Rising energy costs have renewed interest in energy efficient separations. Such efficiencies can be defined as the free energy of unmixing divided by the free energy that must be added to the process. The greatest efficiencies occur when the energy cost far exceeds any capital cost. In this limit, rate processes are not important, and efficiency is governed by thermodynamics. However, even for isothermal processes, these efficiencies are constrained by the second law of thermodynamics.
The results are interest, especially for dilute solutions. For example, we show that the maximum possible efficiency η for gas absorption and stripping is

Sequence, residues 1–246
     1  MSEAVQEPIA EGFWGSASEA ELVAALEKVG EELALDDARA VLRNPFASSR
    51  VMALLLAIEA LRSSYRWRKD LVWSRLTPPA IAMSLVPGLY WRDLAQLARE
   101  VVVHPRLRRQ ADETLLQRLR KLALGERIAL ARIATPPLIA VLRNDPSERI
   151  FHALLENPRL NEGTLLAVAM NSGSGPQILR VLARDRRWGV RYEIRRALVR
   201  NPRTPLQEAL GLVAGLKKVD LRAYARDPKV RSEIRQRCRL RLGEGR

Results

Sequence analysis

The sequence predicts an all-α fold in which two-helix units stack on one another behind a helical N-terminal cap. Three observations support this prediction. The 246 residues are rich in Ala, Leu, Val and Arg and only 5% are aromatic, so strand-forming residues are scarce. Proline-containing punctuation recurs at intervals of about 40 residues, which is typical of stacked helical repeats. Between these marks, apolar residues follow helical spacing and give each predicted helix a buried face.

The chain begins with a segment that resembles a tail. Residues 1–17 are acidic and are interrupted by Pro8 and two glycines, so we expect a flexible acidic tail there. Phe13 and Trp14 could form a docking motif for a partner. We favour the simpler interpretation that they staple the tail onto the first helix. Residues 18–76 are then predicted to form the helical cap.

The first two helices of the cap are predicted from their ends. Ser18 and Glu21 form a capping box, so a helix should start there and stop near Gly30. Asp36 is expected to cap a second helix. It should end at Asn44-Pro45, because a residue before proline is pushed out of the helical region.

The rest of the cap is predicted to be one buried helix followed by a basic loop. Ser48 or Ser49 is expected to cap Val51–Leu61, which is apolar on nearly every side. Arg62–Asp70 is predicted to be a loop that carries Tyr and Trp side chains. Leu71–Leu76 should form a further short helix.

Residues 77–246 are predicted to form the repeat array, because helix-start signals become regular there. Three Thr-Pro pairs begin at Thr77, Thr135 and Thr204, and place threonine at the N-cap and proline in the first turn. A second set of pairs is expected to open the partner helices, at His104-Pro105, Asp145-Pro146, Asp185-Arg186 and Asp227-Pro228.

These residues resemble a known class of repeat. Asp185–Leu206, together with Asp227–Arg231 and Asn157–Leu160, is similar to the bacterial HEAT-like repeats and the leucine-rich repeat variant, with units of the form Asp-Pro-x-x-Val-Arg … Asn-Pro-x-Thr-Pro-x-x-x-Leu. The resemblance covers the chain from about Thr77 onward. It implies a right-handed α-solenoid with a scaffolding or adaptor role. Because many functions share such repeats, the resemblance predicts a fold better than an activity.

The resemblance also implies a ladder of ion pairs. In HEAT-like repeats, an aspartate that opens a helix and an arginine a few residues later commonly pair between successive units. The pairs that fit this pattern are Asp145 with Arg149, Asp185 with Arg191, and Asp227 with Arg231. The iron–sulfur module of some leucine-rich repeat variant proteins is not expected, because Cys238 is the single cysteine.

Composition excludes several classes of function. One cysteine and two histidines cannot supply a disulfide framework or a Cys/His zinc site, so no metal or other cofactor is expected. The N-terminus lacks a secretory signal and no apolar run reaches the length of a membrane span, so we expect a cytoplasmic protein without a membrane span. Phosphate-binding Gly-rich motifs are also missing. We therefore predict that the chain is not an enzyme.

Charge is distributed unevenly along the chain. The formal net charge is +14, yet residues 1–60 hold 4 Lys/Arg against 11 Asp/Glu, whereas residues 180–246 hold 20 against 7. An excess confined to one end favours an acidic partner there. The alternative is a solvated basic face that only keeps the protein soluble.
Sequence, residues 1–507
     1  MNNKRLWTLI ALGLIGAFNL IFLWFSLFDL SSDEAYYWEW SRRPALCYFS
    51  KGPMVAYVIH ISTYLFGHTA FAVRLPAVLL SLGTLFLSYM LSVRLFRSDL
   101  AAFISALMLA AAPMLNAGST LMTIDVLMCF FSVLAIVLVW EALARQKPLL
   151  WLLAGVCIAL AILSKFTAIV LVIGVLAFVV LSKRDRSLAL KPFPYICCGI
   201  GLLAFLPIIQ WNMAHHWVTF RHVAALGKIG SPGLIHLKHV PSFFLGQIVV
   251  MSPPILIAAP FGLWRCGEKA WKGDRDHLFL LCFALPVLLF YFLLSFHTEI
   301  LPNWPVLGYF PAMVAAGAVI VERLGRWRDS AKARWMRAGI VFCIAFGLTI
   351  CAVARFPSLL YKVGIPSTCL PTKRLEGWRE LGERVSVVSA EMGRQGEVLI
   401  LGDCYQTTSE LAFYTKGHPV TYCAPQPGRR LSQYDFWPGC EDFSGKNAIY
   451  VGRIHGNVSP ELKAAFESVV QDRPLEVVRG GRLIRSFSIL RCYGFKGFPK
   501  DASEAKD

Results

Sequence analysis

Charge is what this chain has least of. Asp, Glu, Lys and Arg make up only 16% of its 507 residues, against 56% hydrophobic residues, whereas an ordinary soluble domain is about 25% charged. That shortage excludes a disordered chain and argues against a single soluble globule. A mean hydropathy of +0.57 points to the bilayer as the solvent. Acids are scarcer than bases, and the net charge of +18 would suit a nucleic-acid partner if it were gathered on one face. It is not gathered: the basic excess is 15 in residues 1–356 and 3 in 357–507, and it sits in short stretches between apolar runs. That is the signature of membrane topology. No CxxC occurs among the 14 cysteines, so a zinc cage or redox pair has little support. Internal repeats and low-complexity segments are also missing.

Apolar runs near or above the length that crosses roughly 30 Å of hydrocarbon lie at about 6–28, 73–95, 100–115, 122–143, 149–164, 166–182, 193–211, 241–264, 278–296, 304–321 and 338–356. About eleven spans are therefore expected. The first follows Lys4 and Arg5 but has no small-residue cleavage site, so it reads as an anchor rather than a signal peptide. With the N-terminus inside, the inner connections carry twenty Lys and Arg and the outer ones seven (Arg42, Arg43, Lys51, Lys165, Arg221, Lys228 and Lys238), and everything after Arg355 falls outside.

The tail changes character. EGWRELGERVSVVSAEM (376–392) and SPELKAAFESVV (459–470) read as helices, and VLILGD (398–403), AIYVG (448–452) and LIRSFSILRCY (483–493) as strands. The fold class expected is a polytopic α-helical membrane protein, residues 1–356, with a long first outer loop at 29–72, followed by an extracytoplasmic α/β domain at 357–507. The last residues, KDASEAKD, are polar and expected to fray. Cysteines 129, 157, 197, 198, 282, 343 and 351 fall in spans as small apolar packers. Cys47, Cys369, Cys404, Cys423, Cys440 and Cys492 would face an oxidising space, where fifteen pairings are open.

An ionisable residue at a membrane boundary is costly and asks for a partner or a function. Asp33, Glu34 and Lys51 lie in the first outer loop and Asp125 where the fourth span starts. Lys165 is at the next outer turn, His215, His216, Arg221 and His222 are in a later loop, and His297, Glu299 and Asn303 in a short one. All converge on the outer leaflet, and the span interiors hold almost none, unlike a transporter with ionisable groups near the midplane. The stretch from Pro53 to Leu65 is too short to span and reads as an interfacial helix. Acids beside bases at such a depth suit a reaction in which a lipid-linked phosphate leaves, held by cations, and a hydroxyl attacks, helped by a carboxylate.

where HS and HA are the Henry's law constants of the dilute gas being separated in the absorber and stripper, respectively; and y0 is the mole fraction of this dilute gas exiting the absorber. Similar results for extraction, adsorption, crystallization, and membrane separations seem consistent with earlier estimates for distillation by Agrawal and Herron (AIChE J. 43, 2884-2996 (1997)).
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